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First of all, let's get something straight. Complaining that Hillary Clinton should be president because she won the popular vote is like saying George Foreman won the Rumble in the Jungle because he connected more blows before Ali knocked him out.
Sorry Clintophiles, but the rule of the game is to win electoral votes and that rule has been in place long before Mephistopheles swallowed Donald Trump's soul in exchange for the presidency. This is not to say that we shouldn't eliminate the United States Electoral College (USEC), but shouldn't we understand it first? I hear so many people bitching about it, but they don't seem to understand it. I too have protested its existence despite not knowing three things about it. So if that's you too, what say we take this moment to learn about it, together, so that our opinion is informed, whatever that may be?
For starters—spoiler alert—the Framers couldn't agree on how a president should be chosen. Aside from a popular vote, some wanted Congress to choose, others preferred the governors and/or State Legislature, and a few thought Punxsutawney Phil should decide—until it was learned that Phil made derogatory comments about beavers and wanted to build a dam to keep the muskrats out.
In their defense, the Framers couldn't agree because none of their options were ideal. Letting Congress decide would undermine its independence from the Executive Branch. Ditto the states, which they did not want beholden to a president or vice versa. They couldn't let Punxsutawney Phil pick because he was a rodentia supremacist. As for a straight-up popular vote, well, it's worth remembering that these guys were aristocrats. To them, some hippy-dippy, Kumba- Yo Are You Crazy? concept of letting the masses decide was a horrifying proposition.
For one reason, a single, centralized national election is easier to rig than multiple statewide ones. They also understood that smaller states would struggle for a voice. Then there was the concern about the "tyranny of the majority." As someone (possibly Ben Franklin) said, "A democracy is three wolves and a lamb voting on what's for dinner. . ."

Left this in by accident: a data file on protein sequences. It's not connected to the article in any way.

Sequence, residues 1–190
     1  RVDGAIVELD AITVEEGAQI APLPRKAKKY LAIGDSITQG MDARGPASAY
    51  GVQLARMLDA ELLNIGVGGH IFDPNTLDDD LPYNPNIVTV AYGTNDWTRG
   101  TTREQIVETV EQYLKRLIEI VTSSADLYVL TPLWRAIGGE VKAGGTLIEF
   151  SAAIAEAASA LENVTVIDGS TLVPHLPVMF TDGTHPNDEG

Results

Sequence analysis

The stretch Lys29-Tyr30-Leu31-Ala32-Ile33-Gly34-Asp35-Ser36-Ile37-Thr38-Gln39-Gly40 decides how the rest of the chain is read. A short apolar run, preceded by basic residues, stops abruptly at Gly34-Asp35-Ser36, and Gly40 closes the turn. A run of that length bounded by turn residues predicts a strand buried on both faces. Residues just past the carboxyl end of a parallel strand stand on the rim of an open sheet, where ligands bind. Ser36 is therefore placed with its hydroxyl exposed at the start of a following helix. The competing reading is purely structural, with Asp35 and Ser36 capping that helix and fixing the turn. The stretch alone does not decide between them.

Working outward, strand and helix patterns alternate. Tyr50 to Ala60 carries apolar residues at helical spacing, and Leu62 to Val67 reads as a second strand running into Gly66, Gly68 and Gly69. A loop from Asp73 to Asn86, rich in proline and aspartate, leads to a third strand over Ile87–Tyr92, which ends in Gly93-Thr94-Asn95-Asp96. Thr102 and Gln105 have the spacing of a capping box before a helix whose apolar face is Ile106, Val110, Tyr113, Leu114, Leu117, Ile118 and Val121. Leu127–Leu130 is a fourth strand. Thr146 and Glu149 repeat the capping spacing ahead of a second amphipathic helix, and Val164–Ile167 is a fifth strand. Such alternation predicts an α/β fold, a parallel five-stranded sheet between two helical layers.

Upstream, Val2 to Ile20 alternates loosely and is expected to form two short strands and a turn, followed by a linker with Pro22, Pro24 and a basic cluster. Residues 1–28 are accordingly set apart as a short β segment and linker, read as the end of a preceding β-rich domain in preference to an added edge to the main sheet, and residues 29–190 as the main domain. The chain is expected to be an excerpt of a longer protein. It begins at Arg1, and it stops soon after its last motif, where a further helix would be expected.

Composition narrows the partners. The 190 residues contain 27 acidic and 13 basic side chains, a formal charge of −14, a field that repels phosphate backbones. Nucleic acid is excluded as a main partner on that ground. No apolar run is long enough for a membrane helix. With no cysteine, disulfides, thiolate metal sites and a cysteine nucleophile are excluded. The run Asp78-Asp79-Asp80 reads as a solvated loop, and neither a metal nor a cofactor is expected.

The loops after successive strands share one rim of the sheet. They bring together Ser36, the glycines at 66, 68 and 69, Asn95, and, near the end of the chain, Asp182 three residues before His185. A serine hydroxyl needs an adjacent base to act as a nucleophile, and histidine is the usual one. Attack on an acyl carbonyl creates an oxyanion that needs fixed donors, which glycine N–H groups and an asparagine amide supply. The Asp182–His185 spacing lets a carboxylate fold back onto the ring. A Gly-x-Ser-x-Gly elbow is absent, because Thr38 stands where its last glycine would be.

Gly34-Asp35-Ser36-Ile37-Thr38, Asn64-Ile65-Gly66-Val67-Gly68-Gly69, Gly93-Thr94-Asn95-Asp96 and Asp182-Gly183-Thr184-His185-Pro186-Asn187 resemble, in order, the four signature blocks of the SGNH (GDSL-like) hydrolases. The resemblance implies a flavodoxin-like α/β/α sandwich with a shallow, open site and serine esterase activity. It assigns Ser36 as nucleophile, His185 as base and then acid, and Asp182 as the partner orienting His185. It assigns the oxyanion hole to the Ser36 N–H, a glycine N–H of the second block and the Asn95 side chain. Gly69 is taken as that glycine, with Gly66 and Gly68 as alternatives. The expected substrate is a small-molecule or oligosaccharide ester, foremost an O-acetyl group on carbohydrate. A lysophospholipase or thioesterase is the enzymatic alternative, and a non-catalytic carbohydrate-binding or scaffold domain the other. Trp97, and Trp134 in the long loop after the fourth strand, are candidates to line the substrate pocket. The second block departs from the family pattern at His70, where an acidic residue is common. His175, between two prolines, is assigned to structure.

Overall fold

In fact, that's why they already had decided on what type of government to apply. It was called a "Representative Democracy"—a kind of Democracy-light in which the citizens vote, not for laws, but for officials who vote for laws in their consideration. It was James Madison who had the brilliant idea of applying this concept to the selection of a president. He believed a body of "electors" with the ability to overturn an errant popular vote would create an adequate buffer between the presidency and mob rule. Or, as I call it, three wolves and a lamb voting on dinner with an orangutan making sure the lamb doesn't end up in the broiler.
So, what's the problem with having electors? For starters, a candidate can lose the majority vote and still win the election. Secondly, because of the winner-take-all aspect of the USEC, it disenfranchises voters who support their state's losing candidate. For instance, since all of California's 55 electoral votes went to Clinton, every Trump vote was effectively tossed in the can.
Then there's the woefully inadequate qualifications of an elector. According to Article II of The Constitution, anyone is eligible who isn't a "Senator or [U.S.] Representative" and has not engaged in any "acts of insurrection or rebellion," which means my goldfish can be an elector so long as it hasn't taken an inordinate amount of trips to Moscow recently.
And last, it flies in the face of the one man/one vote concept. Because, yes, it is true that the USEC gives the smaller states a competitive voice to the larger states. But it diminishes the voting power of a whole shitload of individuals at the same time!
Here's the gist: In every state, a single electoral vote represents a certain amount of individual votes. Historically, the smaller states have fewer individual votes per electoral vote, meaning each person's vote in a small state weighs more than those in a large state. This may be how small states compete for a voice, but it sure isn't fair to individual voters in big states. Besides, what does it matter if some states don't have a voice? States are just imaginary lines that surround real, actual human beings, and what matters is that the humans get equal say—to each other—regardless of the size of the state in which they reside.
That said, given my newfound understanding of the Electoral College, I do not believe it is as useless and archaic as many say. We have good reason to be weary of its unintended consequences, but for me, the desire to keep it boils down to contempt for mob rule.
We have seen how undignified majority groups—with their mottos and their tomes and their temples and their websites and their uniforms—have fucked countless minorities right in their collective assholes. We have seen how they shove their agendas through like a son pushing his grumpy mother's wheelchair over anyone standing between them and The Lion King box office. The USEC sure isn't perfect, but the fact that a straight up popular vote is like three Satanists and a virgin voting on who to sacrifice is a great reason to keep it.